In 1896, the imperialists got their chance, when William McKinley replaced Grover Cleveland as president. McKinley has the reputation of an “archconservative.” In reality, as Walter Karp wrote in his brilliant work The Politics of War, “What McKinley envisioned for the American Republic was a genuine new order of things, a modern centralized order, elitist in every way, and profoundly alien to the spirit of the Republic.“ The key to McKinley’s transformation of America would be the “large policy.” McKinley made Hay his secretary of state and brought Theodore Roosevelt into the Navy Department. And a golden opportunity presented itself: the plight of Spain in its rebellious colony Cuba.

The year 1898 was a landmark in American history. It was the year America went to war with Spain—our first engagement with a foreign enemy in the dawning age of modern warfare. Aside from a few scant periods of retrenchment, we have been embroiled in foreign politics ever since.

Starting in the 1880s, a group of Cubans agitated for independence from Spain. Like many revolutionaries before and after, they had little real support among the mass of the population. Thus they resorted to terrorist tactics—devastating the countryside, dynamiting railroads, and killing those who stood in their way. The Spanish authorities responded with harsh countermeasures.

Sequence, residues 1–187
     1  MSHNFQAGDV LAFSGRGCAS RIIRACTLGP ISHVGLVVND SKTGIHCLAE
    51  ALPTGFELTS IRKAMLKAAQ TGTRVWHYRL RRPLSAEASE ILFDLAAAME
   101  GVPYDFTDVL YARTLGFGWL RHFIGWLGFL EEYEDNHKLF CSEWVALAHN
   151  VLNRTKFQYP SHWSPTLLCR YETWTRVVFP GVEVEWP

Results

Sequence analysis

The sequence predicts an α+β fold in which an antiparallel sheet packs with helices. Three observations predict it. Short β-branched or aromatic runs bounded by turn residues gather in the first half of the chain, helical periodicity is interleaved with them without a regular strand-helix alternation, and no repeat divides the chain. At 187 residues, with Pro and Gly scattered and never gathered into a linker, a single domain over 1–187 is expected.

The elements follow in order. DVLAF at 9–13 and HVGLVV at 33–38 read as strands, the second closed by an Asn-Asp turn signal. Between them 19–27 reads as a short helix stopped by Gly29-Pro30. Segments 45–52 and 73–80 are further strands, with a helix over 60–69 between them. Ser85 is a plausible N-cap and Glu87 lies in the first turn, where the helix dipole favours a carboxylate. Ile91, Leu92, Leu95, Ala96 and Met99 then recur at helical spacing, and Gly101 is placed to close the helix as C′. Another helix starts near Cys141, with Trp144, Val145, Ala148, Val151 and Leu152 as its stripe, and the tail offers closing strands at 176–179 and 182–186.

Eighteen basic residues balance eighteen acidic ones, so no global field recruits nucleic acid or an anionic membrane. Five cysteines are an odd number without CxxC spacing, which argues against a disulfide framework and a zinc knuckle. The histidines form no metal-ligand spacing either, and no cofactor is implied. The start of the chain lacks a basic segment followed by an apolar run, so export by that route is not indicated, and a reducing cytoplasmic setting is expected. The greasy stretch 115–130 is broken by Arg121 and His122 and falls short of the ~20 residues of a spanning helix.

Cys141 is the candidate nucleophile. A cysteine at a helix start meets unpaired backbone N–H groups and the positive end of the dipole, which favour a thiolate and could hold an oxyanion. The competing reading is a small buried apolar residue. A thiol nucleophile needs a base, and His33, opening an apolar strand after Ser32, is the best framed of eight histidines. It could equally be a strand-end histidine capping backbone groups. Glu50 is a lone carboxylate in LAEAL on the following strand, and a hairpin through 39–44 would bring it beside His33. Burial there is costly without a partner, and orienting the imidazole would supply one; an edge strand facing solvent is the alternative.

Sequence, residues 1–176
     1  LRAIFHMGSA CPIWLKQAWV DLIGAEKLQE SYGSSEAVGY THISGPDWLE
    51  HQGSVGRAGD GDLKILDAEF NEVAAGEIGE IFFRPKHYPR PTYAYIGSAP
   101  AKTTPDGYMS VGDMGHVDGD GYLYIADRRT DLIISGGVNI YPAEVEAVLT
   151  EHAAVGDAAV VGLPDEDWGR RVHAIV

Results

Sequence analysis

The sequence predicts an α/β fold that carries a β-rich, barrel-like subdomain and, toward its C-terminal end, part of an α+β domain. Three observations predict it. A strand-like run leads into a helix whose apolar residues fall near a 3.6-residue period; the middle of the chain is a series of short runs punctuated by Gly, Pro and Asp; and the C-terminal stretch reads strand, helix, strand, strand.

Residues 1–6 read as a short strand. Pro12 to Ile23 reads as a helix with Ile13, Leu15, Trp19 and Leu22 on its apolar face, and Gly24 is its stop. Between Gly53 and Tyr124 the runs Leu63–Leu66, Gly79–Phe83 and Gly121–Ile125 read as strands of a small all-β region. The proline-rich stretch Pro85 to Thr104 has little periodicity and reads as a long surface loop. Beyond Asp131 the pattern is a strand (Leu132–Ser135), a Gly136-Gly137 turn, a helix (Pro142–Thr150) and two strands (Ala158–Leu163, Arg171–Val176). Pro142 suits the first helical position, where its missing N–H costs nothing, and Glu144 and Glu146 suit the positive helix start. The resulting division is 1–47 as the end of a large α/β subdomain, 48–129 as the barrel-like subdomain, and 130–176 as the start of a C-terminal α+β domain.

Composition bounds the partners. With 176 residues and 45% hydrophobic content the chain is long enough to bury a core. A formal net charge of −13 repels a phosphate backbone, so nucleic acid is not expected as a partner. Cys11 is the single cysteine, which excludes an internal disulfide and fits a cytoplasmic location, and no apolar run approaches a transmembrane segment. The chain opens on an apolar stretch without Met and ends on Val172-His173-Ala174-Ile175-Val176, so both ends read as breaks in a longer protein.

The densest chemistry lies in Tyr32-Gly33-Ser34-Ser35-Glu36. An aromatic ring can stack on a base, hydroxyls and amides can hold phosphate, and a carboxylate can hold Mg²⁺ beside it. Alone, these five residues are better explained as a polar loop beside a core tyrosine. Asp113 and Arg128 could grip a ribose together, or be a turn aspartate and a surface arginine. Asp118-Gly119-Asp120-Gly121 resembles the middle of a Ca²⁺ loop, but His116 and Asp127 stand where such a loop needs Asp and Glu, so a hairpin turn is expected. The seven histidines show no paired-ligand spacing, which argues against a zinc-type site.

Some American investors in Cuba grew restive, but the real forces pushing America towards intervention were not a handful of sugarcane planters. The slogans the rebels used—“freedom” and “independence”—resonated with many Americans, who knew nothing of the real circumstances in Cuba. Also playing a part was the “black legend”—the stereotype of the Spaniards as blood-thirsty despots that Americans had inherited from their English forebears. It was easy for Americans to believe the stories peddled by the insurgents, especially when the “yellow” press discovered that whipping up hysteria over largely concocted Spanish “atrocities”—while keeping quiet about those committed by the rebels—sold papers.

Politicians on the lookout for publicity and popular favor saw a gold mine in the Cuban issue. Soon the American government was directing notes to Spain expressing its “concern” over “events” in Cuba. In fact, the “events[ were merely the tactics colonial powers typically used in fighting a guerrilla war. As bad or worse was being done by Britain, France, Germany, and others all over the globe in that age of imperialism. Spain, aware of the immense superiority of American forces, responded to the interference from Washington by attempts at appeasement, while trying to preserve the shreds of its dignity as an ancient imperial power.